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What is the capital of Tunisia?

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What is the capital of Tunisia?

Using adverbs for adjectives

Il est un travailleur extrêmement professionnel.
Il travaille extrêmement dur. (no “e”)

Rien à redire sur la place de l’adverbe, dans ces deux phrases : il est placé devant l’adjectif qu’il qualifie.
Par contre dans ce genre de phrase il faut employer le pronom personnel “ce” (et pas il/elle).

In these two sentences the place of the adverb “extrêmement” is fine, it comes in front of the adjective it modifies. But you should use the demonstrative form “ce” to refer to a specific individual, as you’re qualifying him

Il y a bien des règles qui régissent la place de l’adverbe dans la phrase, mais comme tu le dis justement dans ton commentaire il y a des exceptions.

Je pense qu’une règle générale serait de dire qu’un adverbe qui modifie un adjectif ou un autre adverbe précède ce mot et quand il modifie un verbe il se place presque toujours après ce verbe (mais pas forcément juste après).

Ici un assez bon aperçu de ces règles. Comme tu peux le voir les règles disent parfois “toujours”, parfois “presque toujours” et parfois la place dépend ….

Cette page me semble bien faite et peut-être plus accessible et en faisant les exercices ça te permettra de mieux intégrer les règles.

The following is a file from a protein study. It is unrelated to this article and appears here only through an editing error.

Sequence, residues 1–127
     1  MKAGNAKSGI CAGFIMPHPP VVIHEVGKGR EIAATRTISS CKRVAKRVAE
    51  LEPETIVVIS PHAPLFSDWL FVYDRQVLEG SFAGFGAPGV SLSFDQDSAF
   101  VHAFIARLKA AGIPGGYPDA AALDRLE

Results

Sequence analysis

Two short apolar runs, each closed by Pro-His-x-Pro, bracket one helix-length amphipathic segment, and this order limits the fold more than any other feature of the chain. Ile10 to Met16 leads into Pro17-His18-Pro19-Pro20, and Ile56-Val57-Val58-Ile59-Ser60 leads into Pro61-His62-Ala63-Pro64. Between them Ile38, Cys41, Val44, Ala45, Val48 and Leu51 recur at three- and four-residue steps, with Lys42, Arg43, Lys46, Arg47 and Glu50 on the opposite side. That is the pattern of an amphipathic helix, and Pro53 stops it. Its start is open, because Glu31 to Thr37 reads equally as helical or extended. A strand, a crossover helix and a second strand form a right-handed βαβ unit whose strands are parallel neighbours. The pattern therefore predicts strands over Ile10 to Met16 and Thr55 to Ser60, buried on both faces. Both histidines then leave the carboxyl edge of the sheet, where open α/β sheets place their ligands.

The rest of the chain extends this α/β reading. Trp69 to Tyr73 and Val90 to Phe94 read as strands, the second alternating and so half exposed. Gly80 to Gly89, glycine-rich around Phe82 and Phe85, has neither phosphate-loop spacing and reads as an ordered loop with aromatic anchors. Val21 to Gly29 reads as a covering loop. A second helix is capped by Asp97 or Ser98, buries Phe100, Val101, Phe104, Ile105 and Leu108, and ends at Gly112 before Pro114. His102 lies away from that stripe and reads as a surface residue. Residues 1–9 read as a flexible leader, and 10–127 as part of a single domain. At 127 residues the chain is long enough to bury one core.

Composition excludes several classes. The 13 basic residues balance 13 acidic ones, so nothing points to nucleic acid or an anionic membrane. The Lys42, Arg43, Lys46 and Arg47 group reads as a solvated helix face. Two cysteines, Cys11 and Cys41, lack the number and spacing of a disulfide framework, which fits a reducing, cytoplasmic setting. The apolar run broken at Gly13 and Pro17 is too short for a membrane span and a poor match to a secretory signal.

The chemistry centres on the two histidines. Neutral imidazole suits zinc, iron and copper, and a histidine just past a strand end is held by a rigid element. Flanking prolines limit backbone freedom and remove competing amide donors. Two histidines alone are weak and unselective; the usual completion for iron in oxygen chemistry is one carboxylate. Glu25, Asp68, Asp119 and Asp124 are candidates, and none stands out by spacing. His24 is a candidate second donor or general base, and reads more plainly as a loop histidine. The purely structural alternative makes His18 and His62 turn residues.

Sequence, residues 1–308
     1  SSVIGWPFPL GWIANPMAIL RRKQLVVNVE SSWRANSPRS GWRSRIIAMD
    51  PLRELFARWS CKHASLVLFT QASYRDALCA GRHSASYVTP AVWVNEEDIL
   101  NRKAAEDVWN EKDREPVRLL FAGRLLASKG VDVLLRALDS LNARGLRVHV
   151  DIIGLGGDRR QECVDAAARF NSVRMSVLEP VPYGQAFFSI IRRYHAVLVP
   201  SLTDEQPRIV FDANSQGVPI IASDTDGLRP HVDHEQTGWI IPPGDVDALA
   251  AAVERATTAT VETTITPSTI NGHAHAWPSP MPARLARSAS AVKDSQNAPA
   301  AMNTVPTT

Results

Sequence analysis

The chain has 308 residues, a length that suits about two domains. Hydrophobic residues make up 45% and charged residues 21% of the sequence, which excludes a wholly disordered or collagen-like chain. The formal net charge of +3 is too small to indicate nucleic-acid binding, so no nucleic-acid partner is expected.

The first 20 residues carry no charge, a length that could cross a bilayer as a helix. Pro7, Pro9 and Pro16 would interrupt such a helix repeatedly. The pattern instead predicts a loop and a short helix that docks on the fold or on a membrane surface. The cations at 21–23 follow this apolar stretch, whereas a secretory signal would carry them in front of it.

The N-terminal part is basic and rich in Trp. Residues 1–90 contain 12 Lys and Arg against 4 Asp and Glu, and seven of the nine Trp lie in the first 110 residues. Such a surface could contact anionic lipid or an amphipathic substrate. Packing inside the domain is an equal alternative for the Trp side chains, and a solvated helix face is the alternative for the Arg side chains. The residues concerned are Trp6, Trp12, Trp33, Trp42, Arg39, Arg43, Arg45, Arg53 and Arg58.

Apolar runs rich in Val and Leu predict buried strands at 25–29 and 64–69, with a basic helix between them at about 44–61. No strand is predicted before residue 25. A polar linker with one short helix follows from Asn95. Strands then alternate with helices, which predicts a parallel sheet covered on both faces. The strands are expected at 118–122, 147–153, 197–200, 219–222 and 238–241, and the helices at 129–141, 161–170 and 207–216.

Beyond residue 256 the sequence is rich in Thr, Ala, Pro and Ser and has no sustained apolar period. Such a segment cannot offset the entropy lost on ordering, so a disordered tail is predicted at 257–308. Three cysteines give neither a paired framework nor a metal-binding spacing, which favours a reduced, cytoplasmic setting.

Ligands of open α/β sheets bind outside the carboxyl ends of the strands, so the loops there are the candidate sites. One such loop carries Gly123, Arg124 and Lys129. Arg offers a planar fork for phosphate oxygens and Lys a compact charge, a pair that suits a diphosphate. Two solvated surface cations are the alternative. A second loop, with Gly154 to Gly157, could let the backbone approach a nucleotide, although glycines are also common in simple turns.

As you say there are rules and exceptions to these rules. In general we can say when an adverb modifies an adjective or another adverb it is placed in front of it. When it modifies a verb is is usually placed after the verb (after the auxiliary in compound tenses). But this is only general, it can depend on what you want to convey or on the adverb itself.

I think this page is a good overview of how to place adverbs in French. And this one seems good as well, with exercises if you want to train.

First of all “Il est un travailleur extrêmement professionnel”, although syntactically correct, is not expected in french.

I would expect “C’est un travailleur extrêmement professionnel”, or “Il travaille extrêmement professionnellement”. Don’t ask me why, it is totally instinctive. Maybe because I was beaten at school for every sentences beginning with “il est”, until I found an alternative without really understanding why.

Now about your question regarding the position of the adjective, a few a fairly predictable: for example color follows the name (la voiture rouge), petit and grand are always before (un grand appartement but un appartement spacieux, un petit homme (small) but un homme petit (mean)). In facts, the adjective position is a research subject in french theoretical linguisitc.

The best way to know which substantive a adjective refers to is the gender. Yes, there is a reason why in french gender is not related to the sex. With the gender and plural agreement, and the facts that the adjective is never very far from the name, you have really very few chances to misinterpret the reference.


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What is the capital of Tunisia?